In this section, we walk through a sample Web project that starts with a simple Web page used to capture the necessary query parameters. We'll use the Web page just discussed and walk through an ASP that returns the data in XML, based on the passed parameters. The second application we discuss (in the "Managing Recordsets Using XML Stream Objects" section of the chapter) uses a Visual Basic client/server-like application to launch ASP pages, update rows, and process the errors.
In the preceding example, we discussed how the Submit button launches an ASP that runs a query based on the input parameters. This ASP code returns an XML Recordset that's formatted and converted to HTML with an XSL template. This draws and populates a table filled with the Recordset data on the user's browser. In this case, the "table" generated is a series of boxes, headings, and content—not a database table.
The ASP code does most of the work in our application. It opens an SQL Server connection, runs a query, returns a Recordset, and constructs the XML to be sent back to the browser. It also formats the XML using an XLS script that formats the XML into an HTML table. The XSL style sheet is designed to morph to any XML structure passed, so it would be handy to use it for other generic XML applications.
The ASP code itself is stored as a file on the IIS server with its permissions and properties set up, so IIS recognizes this as an executable page. Without these settings, IIS won't do much with the page, but it will complain that you don't have sufficient permission to execute the ASP. One quick way to get these settings right is to put your ASP pages in a directory with ASP pages created by your Visual InterDev system. Yes, I used Visual InterDev to develop these samples—so sue me.
When working with Visual InterDev, you'll see many method arguments being autoinserted for you as you type. That's cool. However, if you want to come up with nonenumerated options, you have to make sure that the application can recognize the ADO constants by adding the following line to the top of your ASP:
<!— #INCLUDE FILE="../include/ADOVBS.INC" —>
Without this line, I kept getting an ADO error (0x800A0BB9) without further explanation. I suspect the Open method's adCmdText option setting threw the interpreter. However, once I inserted Option Explicit into the ASP code, the interpreter told me it did not understand adCmdText. Just make sure your project contains the Include file.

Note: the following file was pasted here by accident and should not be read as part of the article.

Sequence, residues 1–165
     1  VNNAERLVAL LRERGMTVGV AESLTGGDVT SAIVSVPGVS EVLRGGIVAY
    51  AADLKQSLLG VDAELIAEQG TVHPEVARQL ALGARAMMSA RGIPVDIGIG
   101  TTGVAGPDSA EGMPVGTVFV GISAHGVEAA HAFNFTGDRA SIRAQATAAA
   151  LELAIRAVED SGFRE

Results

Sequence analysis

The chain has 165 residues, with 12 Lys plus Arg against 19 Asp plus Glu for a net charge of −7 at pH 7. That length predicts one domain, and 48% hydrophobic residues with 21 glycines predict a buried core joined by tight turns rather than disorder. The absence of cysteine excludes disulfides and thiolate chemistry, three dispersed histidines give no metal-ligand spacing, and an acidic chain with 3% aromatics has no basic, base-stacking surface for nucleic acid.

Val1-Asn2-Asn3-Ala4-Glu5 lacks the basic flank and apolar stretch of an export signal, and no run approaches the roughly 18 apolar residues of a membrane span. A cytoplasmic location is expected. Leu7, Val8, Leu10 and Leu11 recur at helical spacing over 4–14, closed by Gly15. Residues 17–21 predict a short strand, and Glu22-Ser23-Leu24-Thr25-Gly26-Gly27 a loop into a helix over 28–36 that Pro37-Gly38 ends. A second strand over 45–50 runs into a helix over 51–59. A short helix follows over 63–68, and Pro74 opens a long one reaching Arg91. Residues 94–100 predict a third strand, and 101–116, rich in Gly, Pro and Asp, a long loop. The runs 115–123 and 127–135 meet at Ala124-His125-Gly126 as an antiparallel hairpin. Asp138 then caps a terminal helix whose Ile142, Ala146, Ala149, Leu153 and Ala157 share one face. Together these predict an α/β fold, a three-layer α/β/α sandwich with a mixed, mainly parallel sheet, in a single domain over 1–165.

Let's walk through the ASP server-side code. The first section sets up the variables used in the ASP code. We don't have the option to declare the datatypes here—everything's a Variant. The On Error Resume Next statement helps prevent the VBScript interpreter from simply passing an error page back to the client (browser), but I usually comment this out while developing, to help catch the syntax errors. Once you enable On Error Resume Next, all errors are ignored and you'll have to insert code to test for errors after each operation that is likely to cause an error. After that, the code should look very familiar. We build a perfectly ordinary ConnectionString to pass to the Recordset Open later in the ASP.
Note that the ConnectionString (sConn) hard-codes the user name, password, server name, and database into the ASP. Yes, we could have passed these in from the HTM page that launches the ASP and inserted them into the Visual Basic code using the Request.Form("variable name") technique, but this disables connection pooling—unless everybody types in exactly the same thing. But you don't need to worry about hard coding these values because changing them later is easy, and once the page is changed and resaved, all subsequent references use the new settings—instantly.